Skip to main content Skip to secondary navigation

Previous Irish Presidencies

The current Presidency: January – June 2013

Ireland has held Presidency of the Council of the European Union on 6 other occasions. 

Previous Presidencies

January – June 2004

 Logo from Ireland's Presidency in 2004

Taoiseach: Bertie Ahern

Minister for Foreign Affairs: Brian Cowen

In an historic and emotional ceremony the Irish Presidency welcomed ten new Member States, including eight Central and Eastern European states, into the European Union on “The Day of Welcomes” in Dublin’s Phoenix Park. The accession heralded the single biggest expansion of the EU in its history. The Irish Presidency also orchestrated the successful completion of negotiations on the European Constitutional Treaty, which contained the many innovations eventually implemented through the Lisbon Treaty.  There were successful summits with the US and Russia.The theme of this Presidency was "Europeans - working together".


July – December 1996

Logo from Ireland's Presidency in 1996

Taoiseach: John Bruton

Minister for Foreign Affairs: Dick Spring

In a European Council held in Dublin agreement was reached on numerous issues around the introduction of the single currency. These included the legal framework, stability pact and a new exchange rate mechanism. This would be further developed to become the Amsterdam Treaty, which focussed on the rights of EU citizens and established mechanisms to further boost the role of the European Parliament in the EU decision-making process.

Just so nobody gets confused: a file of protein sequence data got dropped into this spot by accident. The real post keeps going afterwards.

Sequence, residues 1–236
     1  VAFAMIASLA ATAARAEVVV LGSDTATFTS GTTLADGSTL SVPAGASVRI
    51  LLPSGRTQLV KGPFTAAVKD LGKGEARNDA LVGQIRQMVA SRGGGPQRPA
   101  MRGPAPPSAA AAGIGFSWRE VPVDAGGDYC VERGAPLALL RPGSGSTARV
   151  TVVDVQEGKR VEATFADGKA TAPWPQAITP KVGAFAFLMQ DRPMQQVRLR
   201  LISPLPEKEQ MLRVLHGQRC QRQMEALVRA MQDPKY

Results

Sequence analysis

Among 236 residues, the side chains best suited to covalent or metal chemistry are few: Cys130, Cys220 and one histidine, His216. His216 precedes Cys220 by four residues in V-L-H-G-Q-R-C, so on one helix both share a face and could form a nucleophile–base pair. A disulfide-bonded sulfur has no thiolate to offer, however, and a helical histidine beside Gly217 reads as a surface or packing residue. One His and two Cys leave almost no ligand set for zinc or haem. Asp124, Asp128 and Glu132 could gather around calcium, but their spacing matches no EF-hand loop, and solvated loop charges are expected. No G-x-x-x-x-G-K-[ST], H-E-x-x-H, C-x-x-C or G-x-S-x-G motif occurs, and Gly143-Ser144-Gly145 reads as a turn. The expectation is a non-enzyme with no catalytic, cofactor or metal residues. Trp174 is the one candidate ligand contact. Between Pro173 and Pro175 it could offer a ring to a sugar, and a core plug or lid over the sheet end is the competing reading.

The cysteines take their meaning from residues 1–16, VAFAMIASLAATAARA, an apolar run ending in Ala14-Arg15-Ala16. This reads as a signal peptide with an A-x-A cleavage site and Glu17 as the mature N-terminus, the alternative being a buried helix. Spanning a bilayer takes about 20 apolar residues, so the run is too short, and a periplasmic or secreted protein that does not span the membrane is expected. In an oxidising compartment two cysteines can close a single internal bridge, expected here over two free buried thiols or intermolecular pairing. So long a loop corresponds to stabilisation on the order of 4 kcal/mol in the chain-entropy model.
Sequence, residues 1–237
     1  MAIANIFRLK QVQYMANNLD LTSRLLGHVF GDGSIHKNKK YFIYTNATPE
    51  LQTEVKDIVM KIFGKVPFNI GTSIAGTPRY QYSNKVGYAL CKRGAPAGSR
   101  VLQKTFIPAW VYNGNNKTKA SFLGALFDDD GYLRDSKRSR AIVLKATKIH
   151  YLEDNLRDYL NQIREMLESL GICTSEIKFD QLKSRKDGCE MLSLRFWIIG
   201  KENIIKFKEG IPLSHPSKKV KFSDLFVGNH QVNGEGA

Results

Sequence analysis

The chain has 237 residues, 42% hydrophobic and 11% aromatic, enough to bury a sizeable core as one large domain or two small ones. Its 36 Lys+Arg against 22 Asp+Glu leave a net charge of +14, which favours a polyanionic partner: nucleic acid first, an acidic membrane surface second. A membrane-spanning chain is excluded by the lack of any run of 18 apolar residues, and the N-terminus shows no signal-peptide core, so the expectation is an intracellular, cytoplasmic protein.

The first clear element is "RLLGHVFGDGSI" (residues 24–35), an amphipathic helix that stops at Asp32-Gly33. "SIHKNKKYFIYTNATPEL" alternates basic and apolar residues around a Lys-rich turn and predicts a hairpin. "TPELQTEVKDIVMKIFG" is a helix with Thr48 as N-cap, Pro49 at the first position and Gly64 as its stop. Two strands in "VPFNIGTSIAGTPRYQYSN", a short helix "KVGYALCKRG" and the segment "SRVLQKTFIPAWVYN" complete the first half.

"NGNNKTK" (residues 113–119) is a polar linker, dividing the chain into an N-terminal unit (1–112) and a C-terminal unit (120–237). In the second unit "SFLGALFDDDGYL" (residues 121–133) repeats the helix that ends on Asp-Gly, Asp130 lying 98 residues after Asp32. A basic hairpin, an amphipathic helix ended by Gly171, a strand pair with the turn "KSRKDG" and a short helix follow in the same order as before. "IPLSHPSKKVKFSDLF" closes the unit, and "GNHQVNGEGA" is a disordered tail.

January – June 1990

 Logo from Ireland's Presidency in 1990

Taoiseach: Charles Haughey

Minister for Foreign Affairs: Gerry Collins

Following the collapse of the Berlin Wall at the end of 1989, the Irish Presidency held two major EU summit meetings in Dublin which agreed a warm EU welcome for German reunification. The meetings also agreed a common approach to German reunification and to community relations with Central and Eastern European countries after the collapse of the Iron Curtain.


July-December 1984

Taoiseach: Garret FitzGerald

Minister for Foreign Affairs: Peter Barry

During the 1984 Presidency, the EU signed the Trade and Economic Cooperation Agreement with China, and made major progress on accession negotiations with Spain and Portugal. The European Council meeting in Dublin agreed to reinforce the European Monetary System (EMS) and to grant the European Currency Unit (ECU)  a more important role.


July-December 1979

Taoiseach: Jack Lynch / Charles Haughey

Minister for Foreign Affairs:  Michael O’Kennedy / Brian Lenihan

The first direct elections to the European Parliament took place just weeks before the start of the Presidency. Simone Veil was elected as the first President of the European Parliament.  The European Monetary System (EMS) was also established this year.


January- June 1975

Taoiseach: Liam Cosgrave

Minister for Foreign Affairs: Garret Fitzgerald

The inaugural meeting of the European Council was held in Dublin in March 1975.  Ireland’s first Presidency oversaw the creation of the European Regional Development Fund, which played a key development role in all Member States in subsequent decades.  Ireland also oversaw the first Lomé convention, a trade and aid agreement between the EU and African, Caribbean and Pacific countries.